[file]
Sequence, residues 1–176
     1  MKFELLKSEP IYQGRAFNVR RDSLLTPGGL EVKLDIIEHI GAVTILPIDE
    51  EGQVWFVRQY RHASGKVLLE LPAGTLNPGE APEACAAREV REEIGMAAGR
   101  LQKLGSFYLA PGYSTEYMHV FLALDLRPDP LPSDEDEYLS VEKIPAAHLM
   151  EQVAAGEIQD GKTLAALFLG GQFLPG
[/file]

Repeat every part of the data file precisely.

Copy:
Sequence, residues 1–176
     1  MKFELLKSEP IYQGRAFNVR RDSLLTPGGL EVKLDIIEHI GAVTILPIDE
    51  EGQVWFVRQY RHASGKVLLE LPAGTLNPGE APEACAAREV REEIGMAAGR
   101  LQKLGSFYLA PGYSTEYMHV FLALDLRPDP LPSDEDEYLS VEKIPAAHLM
   151  EQVAAGEIQD GKTLAALFLG GQFLPG